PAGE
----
Prune-Plums (dried Plums) Fruit Facts Page Information
Availability by variety
Certain varieties of plums have such firm flesh and such a high
sugar content that they can be dried with little loss of their original
plumpness and flavor. These plums are called prune-plums, and the dried
plums themselves are called prunes.
Plums are divided into three groups--European, Japanese,
and native North American--based on their geographic origins.
European plums include the familiar blue fruits commonly found in European
and American markets. They are widely grown in California. The tart damson
plums, from which jams and jellies are made, belong to this group, as do the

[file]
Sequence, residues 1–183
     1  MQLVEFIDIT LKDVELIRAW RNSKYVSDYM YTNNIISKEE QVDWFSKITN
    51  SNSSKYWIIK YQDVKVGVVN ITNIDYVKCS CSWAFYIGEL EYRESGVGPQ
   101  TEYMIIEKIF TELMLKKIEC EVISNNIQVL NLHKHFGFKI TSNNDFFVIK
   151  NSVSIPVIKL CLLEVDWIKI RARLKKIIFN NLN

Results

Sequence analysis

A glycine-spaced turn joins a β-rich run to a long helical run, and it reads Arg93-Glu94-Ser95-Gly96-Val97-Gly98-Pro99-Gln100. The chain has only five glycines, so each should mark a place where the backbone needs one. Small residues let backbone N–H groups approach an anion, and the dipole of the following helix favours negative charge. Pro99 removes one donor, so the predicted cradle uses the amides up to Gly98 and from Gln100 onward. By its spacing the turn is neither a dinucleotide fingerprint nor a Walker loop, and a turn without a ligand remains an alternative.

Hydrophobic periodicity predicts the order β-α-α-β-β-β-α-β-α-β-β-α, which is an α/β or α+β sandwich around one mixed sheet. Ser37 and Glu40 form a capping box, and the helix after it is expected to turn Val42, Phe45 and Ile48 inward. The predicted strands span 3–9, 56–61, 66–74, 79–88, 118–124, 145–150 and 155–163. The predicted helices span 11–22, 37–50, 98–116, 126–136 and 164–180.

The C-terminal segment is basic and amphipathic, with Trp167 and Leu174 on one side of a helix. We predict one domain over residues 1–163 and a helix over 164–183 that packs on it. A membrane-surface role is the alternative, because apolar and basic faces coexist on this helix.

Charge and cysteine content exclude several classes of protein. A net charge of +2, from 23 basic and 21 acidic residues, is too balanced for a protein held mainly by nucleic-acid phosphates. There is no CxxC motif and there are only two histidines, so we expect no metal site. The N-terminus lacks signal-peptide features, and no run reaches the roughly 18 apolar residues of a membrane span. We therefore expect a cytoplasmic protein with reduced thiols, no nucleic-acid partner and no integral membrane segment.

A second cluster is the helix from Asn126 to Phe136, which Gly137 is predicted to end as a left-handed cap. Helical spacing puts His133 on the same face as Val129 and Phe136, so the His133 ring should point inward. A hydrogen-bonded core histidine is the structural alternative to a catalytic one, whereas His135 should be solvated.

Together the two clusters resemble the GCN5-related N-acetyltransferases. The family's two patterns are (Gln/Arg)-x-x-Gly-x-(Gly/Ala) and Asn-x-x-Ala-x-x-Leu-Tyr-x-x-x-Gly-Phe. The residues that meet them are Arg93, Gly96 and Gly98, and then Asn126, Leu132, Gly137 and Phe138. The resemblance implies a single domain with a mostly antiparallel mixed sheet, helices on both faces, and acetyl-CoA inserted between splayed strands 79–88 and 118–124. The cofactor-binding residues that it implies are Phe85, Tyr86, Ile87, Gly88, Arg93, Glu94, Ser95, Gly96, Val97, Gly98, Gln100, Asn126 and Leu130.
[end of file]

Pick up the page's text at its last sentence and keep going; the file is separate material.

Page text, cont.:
firm sweet varieties that are dried to make prunes.
It is believed that the ancient peoples of the Middle East were the first to
dry plums to make prunes. Prunes have been prepared for centuries in France,
and the prunes from the region around Agen are still considered by many
to be the best in the world. Today, orchards in California, which use
Agen plums almost exclusively, yield a major share of the world's prunes.
Prunes are also produced in some central European and South American countries.
Nutrition and Consumption:
Prunes are a good source of vitamins A and B, are high in fiber, and are rich
in iron, calcium, and phosphorus. Their pulp is used as food for infants.
Prunes are eaten raw, soaked or stewed alone or with other fruits, and
used in jams and desserts. The pulp, stewed fruit, and juice are packaged
Detailed nutritional informatin can be found by searching the
USDA Nutritional Database
. Enter "Prune or Plum" (no quotes) as the keyword and select the
link and report of interest.
Plums belong to the genus Prunus of the family Rosaceae. The common
European plum is classified as Prunus domestica, the Japanese plum as
Prunus salicina, and the Damson plum as Prunus insititia.